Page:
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Flash Flood Forecasting Over Complex Terrain: With an Assessment of the Sulphur Mountain NEXRAD in Southern California 8 Potential Improvements in Flash Flood Warnings Advances in flash flood forecasting can arise from a range of improvements that are related to observing capabilities based on radar technology and modeling, data assimilation, and decision support systems. Moreover, the processing power of the Advanced Weather Interactive Processing System (AWIPS; Seguin, 2002) makes it feasible to implement a new Interactive Forecast Preparation System (IFPS; Ruth, 2002), which provides not only standard textual products but also extensive data in digital form (e.g., matrix, graphical, and model interpretation) that is accessible through the National Digital Forecast Database (NDFD; Glahn and Ruth, 2003). Short-term forecasting of extreme weather relies heavily on the knowledge and experience of individual forecasters and their ability to select relevant information from the real-time flux of observations, followed by interpretation and diagnosis of existing conditions, subsequently leading to inference and decision making (e.g., issuing public advisories and warnings). With the complex system of observations currently in place, it is increasingly difficult for even highly experienced forecasters to process the volume of observations and model output that arrives at their workstations, and to analyze and extract the information necessary to provide effective guidance in real time. This opens a wide range of opportunities for intelligence acquisition technology and the engineering of regional expert systems to capitalize on the human intelligence at local Weather Forecast Offices (WFOs) and to make the most of artificial intelligence applications to process, classify, interpret, and synthesize inhomogeneous data. Intelligence acquisition technology methods, such as neural networks and support vector machines—for example, working off the NDFD—can be used to extend the lead time of expert decision support system prognostics by tailoring them to the local environment and specific customer needs to increase forecast skills regionally and locally (Kuligowksi and Barros, 1998; Hall et al., 1999; Kim and Barros, 2001; Sivapragasam et al., 2001). More-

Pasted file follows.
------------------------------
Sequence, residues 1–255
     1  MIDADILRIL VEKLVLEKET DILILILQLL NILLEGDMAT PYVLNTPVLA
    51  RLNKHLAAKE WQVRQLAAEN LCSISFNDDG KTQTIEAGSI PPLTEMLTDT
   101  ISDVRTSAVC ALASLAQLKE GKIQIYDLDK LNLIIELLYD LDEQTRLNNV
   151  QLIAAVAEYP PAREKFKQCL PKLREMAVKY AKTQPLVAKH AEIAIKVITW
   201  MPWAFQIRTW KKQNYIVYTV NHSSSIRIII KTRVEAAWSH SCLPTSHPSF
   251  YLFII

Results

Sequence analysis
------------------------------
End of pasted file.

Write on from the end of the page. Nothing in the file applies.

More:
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Flash Flood Forecasting Over Complex Terrain: With an Assessment of the Sulphur Mountain NEXRAD in Southern California over, the implementation of such systems in a probabilistic framework allows direct incorporation of uncertainty in forecast decisions (Murphy 1977; Krzysztofowicz et al., 1993; Applequist et al., 2002). NEXRAD AND OTHER RADAR SOURCES Potential improvements to the radar hardware and operation are building on a flexible radar scan strategy and upgrades to polarimetric capability, which will assist in expanded volume coverage, data quality control, and precipitation estimation. The networking of existing information collected by a variety of operational radar sources in addition to NEXRAD will provide redundancy and offers the potential for improved horizontal and vertical coverage, including better coverage at low levels in complex terrain and offshore. Augmentation of the existing operational radar network may be required to extend coverage to important areas not properly covered or temporarily exhibiting an enhanced threat level. NEXRAD Scan Strategy Current NEXRAD scan strategies, and some of the associated limitations, were discussed in previous chapters. Coverage diagrams in Chapter 7 illustrate the low-level coverage provided by the Sulphur Mountain NEXRAD using the current scan strategies; Paris (1997a, 1997b, 1998, 2001) treated the same topic in some detail. The Paris reports considered only the altitude of the beam axis, and because the NEXRAD beam is nearly 1.0° wide, there is some detection capability below that axis (as the diagrams in Chapter 7 demonstrate). Nevertheless, the extent of coverage at and below 6000 feet above mean sea level (MSL) is limited as long as the minimum elevation angle in the scan pattern is restricted to 0.5°. It is obvious that use of a lower antenna elevation angle from an elevated radar site would provide greater low-level coverage in directions not obscured by intervening terrain. Brown et al. (2002), Wood et al. (2003a, 2003b), and others have noted advantages that could be obtained by using elevations below 0.5°, perhaps even slightly negative elevations, with NEXRADs at mountaintop sites. The discussion in Chapter 7 demonstrates the improvements in low-level coverage that could be achieved by operating the Sulphur Mountain NEXRAD at elevations down to 0°, or at slightly negative elevations.